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Canadian entrepreneurs: get excited for legislative changes that could help you!
On December 13, 2019, Canadian Prime Minister Justin Trudeau released an open mandate letter to the honourable Mary Ng, Canada’s Minister of Small Business, Export Promotion and International Trade, outlining some coming changes that will have implications for Canada’s small business owners.
What does this mean for your small business? Overall, these changes seem likely to help small business owners by removing legislative red tape, opening up new markets and reducing some of the fees associated with running a small business in Canada. Mandate letters, which are sent to every minister following the formation of a new government, effectively serve as the new government’s marching orders for the coming term.
While the list of priorities outlined in the letter are long, a few are more likely than others to have a direct impact on Canada’s small business community. Here are a few of the most important mandates.
Reducing federal incorporation fees
In order to protect their business’ name from being copied anywhere else in the country, Canadian small business owners need to incorporate their business with the federal government. While the fee for incorporating a business with the federal government currently sits at $200, Minister Ng’s mandate includes a 75 percent cost reduction, bringing the cost down to just $50.
Eliminating the “swipe fee”
As it currently stands, small business owners need to pay federal sales taxes when accepting credit cards and debit card payments, known as the “swipe fee.” According to the Canadian Federation of Independent Business, the fees amount to nearly $500 million per year. In keeping with a pre-election promise made in September, the federal government will now seek to eliminate the GST and HST paid on credit and debit card transactions, which will save small business owners tons of money down the line.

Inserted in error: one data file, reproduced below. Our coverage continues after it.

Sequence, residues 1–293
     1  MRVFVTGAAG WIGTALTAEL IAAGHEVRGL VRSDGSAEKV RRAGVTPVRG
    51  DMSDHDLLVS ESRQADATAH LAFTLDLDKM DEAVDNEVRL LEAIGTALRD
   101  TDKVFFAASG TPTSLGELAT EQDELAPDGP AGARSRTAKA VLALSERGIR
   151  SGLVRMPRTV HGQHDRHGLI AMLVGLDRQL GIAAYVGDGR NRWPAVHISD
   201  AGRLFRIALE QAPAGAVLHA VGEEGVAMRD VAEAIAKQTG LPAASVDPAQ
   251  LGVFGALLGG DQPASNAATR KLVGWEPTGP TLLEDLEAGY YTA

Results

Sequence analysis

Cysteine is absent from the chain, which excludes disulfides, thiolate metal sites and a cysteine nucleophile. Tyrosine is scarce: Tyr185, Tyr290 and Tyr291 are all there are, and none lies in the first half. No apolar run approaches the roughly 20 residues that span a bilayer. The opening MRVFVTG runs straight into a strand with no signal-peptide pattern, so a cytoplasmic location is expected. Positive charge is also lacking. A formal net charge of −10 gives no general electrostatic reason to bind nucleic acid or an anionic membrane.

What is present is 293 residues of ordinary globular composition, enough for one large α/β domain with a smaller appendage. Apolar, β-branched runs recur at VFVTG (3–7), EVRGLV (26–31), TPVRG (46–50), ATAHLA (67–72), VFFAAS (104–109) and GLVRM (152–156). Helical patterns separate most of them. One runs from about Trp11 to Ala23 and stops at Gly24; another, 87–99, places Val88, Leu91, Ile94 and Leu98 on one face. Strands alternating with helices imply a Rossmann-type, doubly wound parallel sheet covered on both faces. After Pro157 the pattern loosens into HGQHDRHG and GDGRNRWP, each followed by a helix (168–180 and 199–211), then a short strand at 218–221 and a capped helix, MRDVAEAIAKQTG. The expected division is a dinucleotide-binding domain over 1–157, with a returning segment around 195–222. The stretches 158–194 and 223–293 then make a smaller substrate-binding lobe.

Creating the “Canada Entrepreneur Account”
Another key mandate of Minister Ng’s upcoming term is the creation of the “Entrepreneur Account,” which will provide funding of up to $50,000 to as many as 2,000 Canadian entrepreneurs per year. The account will be administered through the Business Development Bank of Canada (BDC) and awarded to entrepreneurs who leverage its advisory services.
As one of the world’s most diverse countries, Canada maintains an inherent advantage when it comes to selling in foreign markets. In the coming term, the Prime Minister has given his Minister of Small Business, Export Promotion and International Trade the task of examining current export programming to ensure Canada is maximizing its benefits for our small and medium sized businesses. Minister Ng was previously given a mandate to help the country increase its overseas exports by 50% by the year 2025, and has already committed $5 million to FedDev Ontario, as well as $1.7 million to Innovation, Science and Economic Development’s Mobilizing SMEs to Export initiative.
What does that mean for Canadian entrepreneurs?
Overall, these changes will help ease a number of financial burdens for Canadian small business owners. By lowering fees and reducing legislative red tape, the mandate will go a long way in helping entrepreneurs grow and maintain their businesses, and contribute to a growing community.